As my right hon. Friend the Member for Skipton and Ripon (Mr. Curry) said, the point about bad neighbours is that we should face up to the fact that local authorities should have the right to disqualify people from tenancies if they have an appalling record as tenants. Where I take issue with the Minister is on the framing of the Bill. Our amendment No. 92 says

    ``any record of behaviour of a person''

whereas the Bill only refers to

    ``any behaviour''.

That may be a person's current behaviour affecting his suitability to be a tenant, so the Bill does not empower local authorities to take account of a person's previous behaviour as a tenant, and he may temporarily appear to be all sweetness and light.

Mr. Raynsford: I reassure the hon. Gentleman that, under our amendment, local authorities are able to take previous factors into account, but they must make their decision on the basis of the applicant's current position. They cannot use the fact that he was evicted several years before for antisocial behaviour to debar him from consideration if there is clear evidence that he has improved his behaviour in the meantime. I gave an example in Committee on Tuesday of circumstances in which it would be quite reasonable for someone who had been evicted for antisocial behaviour to be given another chance because of a change of heart and a change in behaviour, and that is what is provided for in this measure.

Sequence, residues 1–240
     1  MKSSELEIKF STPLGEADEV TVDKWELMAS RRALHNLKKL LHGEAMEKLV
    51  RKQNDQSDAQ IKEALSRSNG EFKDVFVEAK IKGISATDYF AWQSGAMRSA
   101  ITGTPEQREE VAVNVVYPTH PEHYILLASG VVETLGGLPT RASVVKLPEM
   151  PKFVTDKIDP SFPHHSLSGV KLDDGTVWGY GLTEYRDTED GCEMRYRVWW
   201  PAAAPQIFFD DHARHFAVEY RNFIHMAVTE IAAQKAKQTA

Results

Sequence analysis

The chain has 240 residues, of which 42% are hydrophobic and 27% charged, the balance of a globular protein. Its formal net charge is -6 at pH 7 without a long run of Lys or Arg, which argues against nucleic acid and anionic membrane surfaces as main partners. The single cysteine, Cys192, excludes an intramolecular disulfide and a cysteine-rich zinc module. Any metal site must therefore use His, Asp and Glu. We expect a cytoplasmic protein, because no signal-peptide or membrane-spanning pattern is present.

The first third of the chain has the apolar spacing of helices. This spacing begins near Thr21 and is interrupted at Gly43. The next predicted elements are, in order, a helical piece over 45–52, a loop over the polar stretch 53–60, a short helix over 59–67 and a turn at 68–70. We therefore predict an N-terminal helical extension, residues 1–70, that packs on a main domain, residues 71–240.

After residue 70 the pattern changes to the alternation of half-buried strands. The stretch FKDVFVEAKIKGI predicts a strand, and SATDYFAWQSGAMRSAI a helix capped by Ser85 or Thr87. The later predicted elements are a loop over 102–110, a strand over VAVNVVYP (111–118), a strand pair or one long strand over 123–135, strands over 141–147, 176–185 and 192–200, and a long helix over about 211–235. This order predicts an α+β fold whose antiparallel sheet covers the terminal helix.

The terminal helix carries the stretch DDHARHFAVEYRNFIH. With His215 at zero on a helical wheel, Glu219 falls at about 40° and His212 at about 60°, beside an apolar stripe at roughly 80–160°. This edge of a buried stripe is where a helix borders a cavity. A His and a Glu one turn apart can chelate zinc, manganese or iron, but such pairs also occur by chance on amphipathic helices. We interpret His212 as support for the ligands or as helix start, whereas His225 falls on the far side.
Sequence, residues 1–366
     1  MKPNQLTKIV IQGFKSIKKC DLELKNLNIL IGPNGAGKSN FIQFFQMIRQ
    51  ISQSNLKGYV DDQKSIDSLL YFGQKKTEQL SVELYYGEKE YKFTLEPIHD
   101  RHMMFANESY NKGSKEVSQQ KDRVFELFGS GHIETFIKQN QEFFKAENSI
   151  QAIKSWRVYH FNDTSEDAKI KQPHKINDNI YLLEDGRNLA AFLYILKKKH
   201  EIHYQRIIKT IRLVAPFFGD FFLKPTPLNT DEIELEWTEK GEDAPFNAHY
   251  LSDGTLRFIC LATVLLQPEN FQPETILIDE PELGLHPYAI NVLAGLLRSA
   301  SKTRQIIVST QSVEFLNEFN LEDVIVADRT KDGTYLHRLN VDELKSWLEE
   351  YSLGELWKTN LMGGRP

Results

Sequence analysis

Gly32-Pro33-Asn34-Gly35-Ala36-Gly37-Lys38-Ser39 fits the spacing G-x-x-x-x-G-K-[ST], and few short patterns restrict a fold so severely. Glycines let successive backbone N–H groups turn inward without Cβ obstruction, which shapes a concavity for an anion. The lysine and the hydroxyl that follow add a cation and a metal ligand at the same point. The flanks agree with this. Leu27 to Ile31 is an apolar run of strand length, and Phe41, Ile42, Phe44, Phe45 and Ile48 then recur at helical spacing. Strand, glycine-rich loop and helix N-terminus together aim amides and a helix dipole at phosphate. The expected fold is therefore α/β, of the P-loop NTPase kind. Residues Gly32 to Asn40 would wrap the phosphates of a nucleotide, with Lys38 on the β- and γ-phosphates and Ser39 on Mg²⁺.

Mr. Loughton: I take the Minister's point. In terms of the wording of the Bill, however, I cannot see how the record will count pari passu with the rehabilitative process that has led to a former neighbour from hell becoming a model neighbour. In view of the detail the Minister has given, we shall not press the amendment to a vote, but we will want to revisit the issue in more detail when we have had more time to consider Government amendments, on Report and thereafter.